Delicious Red Wine Pours From Taps At Homes Of Italian Residents Due To Malfunction At Local Winery

Delicious Red Wine Pours From Taps At Homes Of Italian Residents Due To Malfunction At Local Winery

Wine, instead of water, started flowing from residents' taps, faucets, and showerheads after a malfunction occurred at a local winery. This leak led to 1,000 liters of its ready-to-be-bottled wine into the water pipes

Cover Image: Getty Images/WIN-Initiative (Representative)

Residents of the northern Italian town of Castelvetro were in for a treat last week when they discovered delicious red wine flowing from their kitchen sinks. Of course, it wasn't divine intervention, but an accidental occurrence that supplied wine instead of water to the plumbing of people's homes in a small village near Modena, Italy. Although the supply lasted only for a few hours on March 4, people were quick to save the precious Lambrusco that was pouring from their faucets and showerheads.


According to CNN, the malfunction occurred at a local winery Lambrusco Grasparossa and ended up leaking 1,000 liters of its ready-to-be-bottled wine into the water pipes. The Cantina Settecani winery explained how the malfunction was caused due to a faulty valve in the washing circuit within the bottling line. In a statement to CNN, the winery also revealed that a local specialty, Lambrusco Grasparossa, leaked into the town's water lines due to pressure. Now, wine has a higher pressure than water in pipes. This enables them to course faster through plumbing systems quickly, reports Daily Mail.



Giorgia Mezzacqui, the deputy manager of Castelvetro, which is situated about ten miles south of Modena, revealed that the malfunction lasted for about three hours and impacted nearly 20 homes in the area. Taking to its Facebook page, the local government updated residents in the area about the leak and assured that it didn't pose any health risks. Apart from offering people a chance to drink free wine at home, the incident also helped lighten the mood amidst the coronavirus crisis, which reportedly has hit the northern part of Italy the hardest.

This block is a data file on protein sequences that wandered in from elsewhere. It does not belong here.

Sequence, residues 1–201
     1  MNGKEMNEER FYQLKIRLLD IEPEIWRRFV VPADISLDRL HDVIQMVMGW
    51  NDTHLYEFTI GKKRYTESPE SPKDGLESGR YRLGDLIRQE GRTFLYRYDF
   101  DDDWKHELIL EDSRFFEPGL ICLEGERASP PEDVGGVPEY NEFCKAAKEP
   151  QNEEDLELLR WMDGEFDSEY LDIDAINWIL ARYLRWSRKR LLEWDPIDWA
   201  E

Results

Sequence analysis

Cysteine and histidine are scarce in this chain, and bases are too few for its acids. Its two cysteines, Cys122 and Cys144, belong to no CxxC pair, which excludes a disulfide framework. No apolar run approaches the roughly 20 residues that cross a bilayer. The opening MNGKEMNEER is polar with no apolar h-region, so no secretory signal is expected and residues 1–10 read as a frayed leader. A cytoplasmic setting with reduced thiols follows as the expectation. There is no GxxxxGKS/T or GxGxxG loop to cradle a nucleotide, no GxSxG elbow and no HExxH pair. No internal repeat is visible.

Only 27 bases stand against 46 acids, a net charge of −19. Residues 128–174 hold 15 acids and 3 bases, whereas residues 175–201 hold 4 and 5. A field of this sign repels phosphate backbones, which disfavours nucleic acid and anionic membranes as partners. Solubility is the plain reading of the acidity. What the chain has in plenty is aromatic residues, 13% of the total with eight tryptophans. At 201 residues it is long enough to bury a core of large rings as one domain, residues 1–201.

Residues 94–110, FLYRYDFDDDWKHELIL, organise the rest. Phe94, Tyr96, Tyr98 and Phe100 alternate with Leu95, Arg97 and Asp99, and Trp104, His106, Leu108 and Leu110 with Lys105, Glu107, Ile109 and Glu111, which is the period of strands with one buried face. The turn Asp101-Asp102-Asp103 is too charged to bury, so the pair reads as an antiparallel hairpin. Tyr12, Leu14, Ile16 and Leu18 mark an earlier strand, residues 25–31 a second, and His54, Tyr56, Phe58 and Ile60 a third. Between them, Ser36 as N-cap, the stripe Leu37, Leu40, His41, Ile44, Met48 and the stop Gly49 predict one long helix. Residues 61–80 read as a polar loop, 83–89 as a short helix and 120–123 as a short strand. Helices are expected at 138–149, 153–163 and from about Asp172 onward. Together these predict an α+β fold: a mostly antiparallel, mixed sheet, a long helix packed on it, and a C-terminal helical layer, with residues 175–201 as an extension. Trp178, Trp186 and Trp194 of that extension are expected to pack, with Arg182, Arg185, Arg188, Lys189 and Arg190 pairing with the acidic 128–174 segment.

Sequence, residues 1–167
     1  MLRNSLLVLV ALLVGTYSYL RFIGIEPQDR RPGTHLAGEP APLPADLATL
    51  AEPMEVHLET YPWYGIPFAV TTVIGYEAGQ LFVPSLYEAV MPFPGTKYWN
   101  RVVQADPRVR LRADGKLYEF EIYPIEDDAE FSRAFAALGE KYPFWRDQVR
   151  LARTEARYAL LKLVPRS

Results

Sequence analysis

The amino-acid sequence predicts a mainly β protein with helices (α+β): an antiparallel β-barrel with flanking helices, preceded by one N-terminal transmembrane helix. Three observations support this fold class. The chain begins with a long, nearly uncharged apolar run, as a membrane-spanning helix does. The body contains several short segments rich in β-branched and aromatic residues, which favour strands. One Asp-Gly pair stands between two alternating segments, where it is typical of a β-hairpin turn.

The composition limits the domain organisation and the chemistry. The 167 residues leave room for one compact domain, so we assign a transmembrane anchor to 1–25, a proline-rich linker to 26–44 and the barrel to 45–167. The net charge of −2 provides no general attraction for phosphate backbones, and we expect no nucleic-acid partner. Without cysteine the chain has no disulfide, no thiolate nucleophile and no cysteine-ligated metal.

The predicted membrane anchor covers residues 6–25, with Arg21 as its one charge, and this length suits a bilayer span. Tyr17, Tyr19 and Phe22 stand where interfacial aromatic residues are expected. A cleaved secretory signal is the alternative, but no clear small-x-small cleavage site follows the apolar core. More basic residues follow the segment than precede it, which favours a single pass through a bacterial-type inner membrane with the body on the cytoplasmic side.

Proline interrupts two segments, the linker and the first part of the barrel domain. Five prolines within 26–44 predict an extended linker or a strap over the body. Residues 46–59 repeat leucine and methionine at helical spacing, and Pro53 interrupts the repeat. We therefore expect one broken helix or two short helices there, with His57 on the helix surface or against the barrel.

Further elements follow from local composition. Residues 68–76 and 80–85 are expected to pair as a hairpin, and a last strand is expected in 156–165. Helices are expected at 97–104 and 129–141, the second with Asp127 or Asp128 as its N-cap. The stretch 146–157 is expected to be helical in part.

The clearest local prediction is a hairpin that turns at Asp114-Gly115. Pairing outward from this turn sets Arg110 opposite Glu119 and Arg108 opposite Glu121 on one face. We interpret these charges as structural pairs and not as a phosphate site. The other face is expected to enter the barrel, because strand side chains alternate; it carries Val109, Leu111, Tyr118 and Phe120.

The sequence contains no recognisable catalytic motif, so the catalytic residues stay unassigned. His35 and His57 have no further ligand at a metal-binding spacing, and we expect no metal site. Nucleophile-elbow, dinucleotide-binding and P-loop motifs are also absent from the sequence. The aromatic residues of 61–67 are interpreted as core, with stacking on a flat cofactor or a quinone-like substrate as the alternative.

"At a time where we have very little to smile about, I'm glad we brought some levity to others," said Mezzacqui. "Hopefully someday they'll remember us and will want to come visit us." The commercial manager at Cantina Settecani, Fabrizio Amorotti, said that the glitch "was appreciated by many. Some clients in the areas called us to warn us about it, and to share they were bottling the wine!" Speaking about Castelvetro, which is situated in the heart of the Emilia-Romagna region, Deputy Mayor Mezzacqui noted that the destination is frequently visited by food and wine enthusiasts across the globe.


Ever since the COVID-19 outbreak, the abundance of tourists has steadily dropped with cancellations in 80 percent of tourism structures in the area. Castelvetro like many other small towns are "the engine propelling an extraordinary nation, but now we need everybody's help to survive," she added. The novel coronavirus has killed at least  3,821 people and affected 108,000 globally. With over 7,300 confirmed cases and 366 deaths, the Italian authorities have placed much of the northern part of the country on lockdown. In Asia and China, signs of improvement were witnessed but the situation in Europe and North America seems to be worsening.

Hoping to tackle this new crisis, Italian Prime Minister Giuseppe Conte signed a decree on Saturday that will place millions of residents across northern Italy on lockdown, reports CNN. The entire Lombardy region and 14 other provinces will be facing travel restrictions. This move has been considered one of the toughest responses outside mainland China to get the coronavirus epidemic under control. "There will be an obligation to avoid any movement of people who are either entering or leaving" the areas affected by the virus, said Conte announcing the measures. 


"Even within the areas moving around will occur only for essential work or health reasons," he added. The lockdown is only applied to the northern parts of Italy for now, but some measures will be implemented in other parts of the country as well. Schools and universities will be suspended, so will theaters, cinemas, bars, nightclubs, and sports events. Religious ceremonies that require a mass gathering like funerals will also be suspended. The World Health Organization (WHO) has urged "all countries to continue efforts that have been effective in limiting the number of cases and slowing the spread of the virus." In a statement, they warned, "Allowing uncontrolled spread should not be a choice of any government, as it will harm not only the citizens of that country but affect other countries as well."

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